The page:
Just about a year after the Guardians of the Galaxy movie dropped, Marvel Comics gave Skottie Young the reins to Rocket Raccoon and Groot, two of the most beloved movie Marvel Comics characters. The series was fun, mostly light drama, and at times incredibly inventive. The series wrapped at issue #10 with a three-issue Civil War II tie-in that likely left many a bit sour on the series. Newly printed in the smaller digest-sized format this week, the series is a great one to revisit thanks to the imaginative nature of the stories and the colorful personality of the title characters. Here are three big reasons to give this reprint a closer look.
#1: Opens with a clever two-part story that brings the characters back into the universe.
Taking a step back, this is an interesting time for the characters recovering from a mysterious disappearance in Secret Wars. Skottie Young writes the first six issues in this story and in a lot of ways it reads like Marvel was attempting to remind us how great these characters are. The first two issues are quite fun, defying expectations right off the bat by telling us Groot and Rocket are dead and introducing a new duo known as Pockets and Shrub who have seemingly taken their place. It’s a fun way to play off the original duo. Soon, however, we find out Rocket is now Lord Rakzoon, Groot is covered in carvings that look like tattoos, and nothing is as it seems. Filipe Andrade draws these issues and does a fabulous job casting the characters in dark shadows (with colors by Jean-Francois Beaulieu), further sending the reader’s alarm bells off. All of this buildup ends up paying off with a reminder of how positive, adventurous, and fun these characters are. It’s a great way to reenergize the duo.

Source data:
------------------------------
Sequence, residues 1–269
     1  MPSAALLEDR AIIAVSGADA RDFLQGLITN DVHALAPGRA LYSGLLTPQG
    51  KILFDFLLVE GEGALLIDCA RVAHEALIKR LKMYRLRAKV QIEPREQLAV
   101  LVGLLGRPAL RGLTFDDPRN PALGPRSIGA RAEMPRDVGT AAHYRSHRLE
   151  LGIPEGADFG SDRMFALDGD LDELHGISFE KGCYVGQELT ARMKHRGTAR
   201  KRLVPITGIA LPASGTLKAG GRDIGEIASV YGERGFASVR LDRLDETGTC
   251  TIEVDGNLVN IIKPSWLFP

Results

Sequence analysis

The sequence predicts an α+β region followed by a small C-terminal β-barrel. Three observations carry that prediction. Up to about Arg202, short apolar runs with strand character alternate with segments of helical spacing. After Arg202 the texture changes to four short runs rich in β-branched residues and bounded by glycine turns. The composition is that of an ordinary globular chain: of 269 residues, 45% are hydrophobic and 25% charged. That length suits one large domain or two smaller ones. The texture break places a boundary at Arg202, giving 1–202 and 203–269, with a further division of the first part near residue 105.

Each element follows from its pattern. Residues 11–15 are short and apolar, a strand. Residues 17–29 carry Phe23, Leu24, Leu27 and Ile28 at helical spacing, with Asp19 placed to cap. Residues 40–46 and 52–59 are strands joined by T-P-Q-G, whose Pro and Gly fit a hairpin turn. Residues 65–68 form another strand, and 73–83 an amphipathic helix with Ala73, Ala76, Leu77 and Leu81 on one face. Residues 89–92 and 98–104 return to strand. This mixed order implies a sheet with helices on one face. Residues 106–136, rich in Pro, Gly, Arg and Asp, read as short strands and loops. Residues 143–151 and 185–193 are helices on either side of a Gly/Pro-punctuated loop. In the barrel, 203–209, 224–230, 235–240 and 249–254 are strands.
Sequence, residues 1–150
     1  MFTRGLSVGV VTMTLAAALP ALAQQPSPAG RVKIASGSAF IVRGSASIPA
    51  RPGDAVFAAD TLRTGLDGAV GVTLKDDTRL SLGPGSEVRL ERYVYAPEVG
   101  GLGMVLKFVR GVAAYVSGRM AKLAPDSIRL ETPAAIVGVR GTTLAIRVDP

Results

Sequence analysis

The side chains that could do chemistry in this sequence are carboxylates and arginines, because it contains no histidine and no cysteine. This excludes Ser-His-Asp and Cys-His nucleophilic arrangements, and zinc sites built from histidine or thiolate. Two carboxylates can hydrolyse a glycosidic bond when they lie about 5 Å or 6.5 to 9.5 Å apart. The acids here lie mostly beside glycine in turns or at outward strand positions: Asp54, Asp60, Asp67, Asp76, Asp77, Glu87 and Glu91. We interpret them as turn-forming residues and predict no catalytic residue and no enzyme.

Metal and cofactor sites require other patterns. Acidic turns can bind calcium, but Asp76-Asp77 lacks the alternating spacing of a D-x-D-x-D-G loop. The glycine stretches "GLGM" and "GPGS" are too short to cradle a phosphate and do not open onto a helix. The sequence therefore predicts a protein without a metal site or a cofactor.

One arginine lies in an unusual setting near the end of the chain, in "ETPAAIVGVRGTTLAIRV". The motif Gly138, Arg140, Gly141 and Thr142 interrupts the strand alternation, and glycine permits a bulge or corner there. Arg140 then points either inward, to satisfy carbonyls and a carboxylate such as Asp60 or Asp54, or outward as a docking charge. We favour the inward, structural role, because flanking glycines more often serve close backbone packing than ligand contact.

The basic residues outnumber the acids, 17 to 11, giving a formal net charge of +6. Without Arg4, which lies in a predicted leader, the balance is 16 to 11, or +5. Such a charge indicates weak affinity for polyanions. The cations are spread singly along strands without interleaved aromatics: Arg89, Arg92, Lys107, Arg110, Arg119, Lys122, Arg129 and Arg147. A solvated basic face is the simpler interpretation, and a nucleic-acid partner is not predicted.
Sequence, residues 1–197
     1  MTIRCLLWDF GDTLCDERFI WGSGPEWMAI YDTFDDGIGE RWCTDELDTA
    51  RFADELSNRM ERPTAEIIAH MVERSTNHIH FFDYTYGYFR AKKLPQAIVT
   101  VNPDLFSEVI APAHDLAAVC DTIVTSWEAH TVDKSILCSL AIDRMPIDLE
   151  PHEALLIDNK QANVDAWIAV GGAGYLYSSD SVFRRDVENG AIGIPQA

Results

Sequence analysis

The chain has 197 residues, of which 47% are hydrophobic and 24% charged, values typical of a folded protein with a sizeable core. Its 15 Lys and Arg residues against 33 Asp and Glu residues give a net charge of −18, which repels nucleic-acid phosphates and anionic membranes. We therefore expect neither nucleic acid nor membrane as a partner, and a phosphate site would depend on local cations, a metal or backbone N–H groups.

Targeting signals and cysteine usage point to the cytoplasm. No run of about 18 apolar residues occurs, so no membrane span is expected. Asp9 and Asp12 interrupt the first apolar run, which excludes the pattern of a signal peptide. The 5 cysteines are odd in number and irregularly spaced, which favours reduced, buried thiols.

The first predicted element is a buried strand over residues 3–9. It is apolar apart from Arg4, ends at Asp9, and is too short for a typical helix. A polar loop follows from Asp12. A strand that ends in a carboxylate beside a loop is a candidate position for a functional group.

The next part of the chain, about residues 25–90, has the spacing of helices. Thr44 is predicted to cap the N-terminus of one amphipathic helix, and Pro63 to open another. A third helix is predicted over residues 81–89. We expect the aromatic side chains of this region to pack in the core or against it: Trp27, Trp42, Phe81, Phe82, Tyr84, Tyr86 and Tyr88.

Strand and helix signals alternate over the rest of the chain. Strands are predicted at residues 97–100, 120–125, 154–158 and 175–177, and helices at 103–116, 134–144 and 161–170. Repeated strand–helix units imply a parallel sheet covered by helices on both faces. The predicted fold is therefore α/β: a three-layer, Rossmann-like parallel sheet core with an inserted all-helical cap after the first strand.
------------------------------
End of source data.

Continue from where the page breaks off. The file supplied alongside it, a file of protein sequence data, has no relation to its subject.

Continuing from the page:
#2: Gives us the same vibes of the Guardians of the Galaxy movie at a time when the team wasn’t as traditional
It’s easy to forget, but Brian Michael Bendis had seriously changed the DNA of the Guardians team. The team was made up of Benjamin Grimm, Shadowcat, and even Venom to just name a few. Drax was still there, but the series no longer had the same identity, becoming more of a space-cop sort of tale. The dynamic of this team requires at least a majority of the members we’re familiar with, and that was gone. This series plucks Groot and Rocket out of that dynamic but delivers the same level of fun and adventure. If you liked the dynamic of Groot and Rocket, as well as the zany adventures the Guardians get themselves into, this book delivers that.
#3: Clever one-shot stories
After the first three-issue story arc ends, this book opens up the cosmic universe with clever and imaginative ideas. In issue #4, for instance, we have Iron Man and Rocket compete in Tony’s fantasy football league. We soon learn it’s not a conventional fantasy football game as you might know it, but instead fantasy characters playing football with some pretty fantastical rules. If you’re familiar with Dungeons and Dragons you’ll dig the B-plot, which involves Rocket DM’ing a game similar to D&D with other superheroes.
In another story, Rocket and Groot go at it one-on-one at games that never finish as Rocket won’t concede defeat. This plays into an interesting adventure that ends with a successful adventure completed, but even then Rocket can’t lose.
I had missed this series when it originally started in 2015, and it was nice to see how Marvel was working to keep Rocket and Groot stories in circulation. Their depiction in the films, and their interesting dynamic explored prior to that, takes the forefront in a fun and imaginative 10 issue collection. Now in digest-format, kiddos have even more reason to gravitate towards these stories.
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